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    moderngent.com says that shaving history takes us way back to the Stone Age, around 100,000BC, when Neanderthal Man started first pulling hair from his body, so it's not like the ancient Romans were the first to think of it. – FumbleFingers May 23 '15 at 18:10
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    @FumbleFingers - I think that the "Roman" haircut cited by etynomline actually refers to a proper, stylish cut of one's hair, (similar to what we mean today) not simply cutting one's hair, something, which obviously as you pointed out, men have done since the dawn of time. – user66974 May 23 '15 at 23:06
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    shave is frequently used metaphorically to mean removing small amounts of something. It seems pretty natural to extend this to haircut for larger amounts. Good luck finding the origin of common metaphors like this, they generally arise organically. – Barmar May 24 '15 at 11:08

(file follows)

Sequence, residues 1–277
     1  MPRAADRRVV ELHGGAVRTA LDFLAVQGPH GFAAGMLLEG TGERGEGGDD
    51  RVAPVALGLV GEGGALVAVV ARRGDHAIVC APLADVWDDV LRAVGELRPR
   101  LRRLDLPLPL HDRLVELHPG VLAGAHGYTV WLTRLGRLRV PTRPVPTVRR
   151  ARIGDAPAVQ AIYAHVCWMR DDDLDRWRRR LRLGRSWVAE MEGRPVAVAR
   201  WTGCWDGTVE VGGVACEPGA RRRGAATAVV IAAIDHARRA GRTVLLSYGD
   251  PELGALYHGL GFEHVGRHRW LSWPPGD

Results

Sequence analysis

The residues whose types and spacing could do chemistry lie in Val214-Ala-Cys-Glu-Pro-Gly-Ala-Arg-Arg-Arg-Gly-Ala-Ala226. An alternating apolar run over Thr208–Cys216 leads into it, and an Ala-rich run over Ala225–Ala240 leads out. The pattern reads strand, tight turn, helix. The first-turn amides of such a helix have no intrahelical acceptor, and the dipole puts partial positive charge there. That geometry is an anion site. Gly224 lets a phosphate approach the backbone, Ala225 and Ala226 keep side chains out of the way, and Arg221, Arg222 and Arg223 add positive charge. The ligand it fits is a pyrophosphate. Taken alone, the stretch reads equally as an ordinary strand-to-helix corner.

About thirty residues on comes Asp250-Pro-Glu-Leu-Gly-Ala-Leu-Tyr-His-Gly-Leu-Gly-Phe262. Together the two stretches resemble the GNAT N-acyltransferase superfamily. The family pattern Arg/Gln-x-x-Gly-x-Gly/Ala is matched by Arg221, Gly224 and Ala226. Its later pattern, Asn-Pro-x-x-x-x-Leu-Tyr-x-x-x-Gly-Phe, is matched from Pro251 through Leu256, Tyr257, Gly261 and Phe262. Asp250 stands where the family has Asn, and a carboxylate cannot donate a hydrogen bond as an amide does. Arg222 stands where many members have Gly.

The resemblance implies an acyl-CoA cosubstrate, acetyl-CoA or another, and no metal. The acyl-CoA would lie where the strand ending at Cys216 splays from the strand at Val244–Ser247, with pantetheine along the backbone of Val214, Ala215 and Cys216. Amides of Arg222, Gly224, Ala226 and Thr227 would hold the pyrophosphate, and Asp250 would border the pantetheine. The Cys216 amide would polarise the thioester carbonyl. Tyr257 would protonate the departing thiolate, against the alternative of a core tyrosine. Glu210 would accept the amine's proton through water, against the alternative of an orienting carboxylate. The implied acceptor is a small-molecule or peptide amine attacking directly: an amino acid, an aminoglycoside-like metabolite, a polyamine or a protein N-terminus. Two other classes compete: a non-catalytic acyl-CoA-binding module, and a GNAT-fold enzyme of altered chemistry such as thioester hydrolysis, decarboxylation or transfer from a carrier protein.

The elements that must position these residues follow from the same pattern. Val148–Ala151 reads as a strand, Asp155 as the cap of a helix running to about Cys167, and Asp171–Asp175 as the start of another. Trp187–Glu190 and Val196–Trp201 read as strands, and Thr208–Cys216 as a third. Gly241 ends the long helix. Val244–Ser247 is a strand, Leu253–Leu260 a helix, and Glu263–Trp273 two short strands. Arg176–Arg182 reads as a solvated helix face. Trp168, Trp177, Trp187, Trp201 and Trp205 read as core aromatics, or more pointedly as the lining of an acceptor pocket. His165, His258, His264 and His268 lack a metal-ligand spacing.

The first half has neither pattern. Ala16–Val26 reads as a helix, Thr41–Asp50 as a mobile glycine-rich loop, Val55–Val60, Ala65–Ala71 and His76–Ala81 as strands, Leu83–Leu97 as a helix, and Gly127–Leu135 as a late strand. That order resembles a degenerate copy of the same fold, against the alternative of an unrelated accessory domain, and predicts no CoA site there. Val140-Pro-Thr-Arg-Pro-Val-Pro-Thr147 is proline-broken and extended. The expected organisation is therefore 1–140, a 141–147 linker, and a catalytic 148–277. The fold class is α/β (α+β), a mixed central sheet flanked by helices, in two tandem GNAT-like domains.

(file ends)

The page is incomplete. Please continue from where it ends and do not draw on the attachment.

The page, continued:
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+100

According to the following article by William Safire of The New York Times:

  • The metaphor, (is) probably based on the weakening effect of the biblical Delilah’s shearing of Samson’s invigorating mane.

The earliest reference he could find was in 1955:

  • J. Sinclair Armstrong, chairman of the Securities and Exchange Commission, told the Dallas Security Dealers Association on Nov. 1, 1955, about rules to “provide more stringent standards in valuing the broker’s assets. . . . These are the so-called ‘haircut’ provisions” . . .
  • Safire attributes this information to Ben Zimmer of www.visualthesaurus.com. Zimmer tweets that this attribution is correct, but the link to his research is dead.
  • I wonder where Safire gets that idea from. Conversely it's easy to see "haircut" as meaning "a little off the top", and to extend that to "a lot off the top", a euphemism for beheading. A "70% haircut" as quoted in the question would refer to cutting off everything above about the knees. – Chris H Jun 3 '15 at 10:01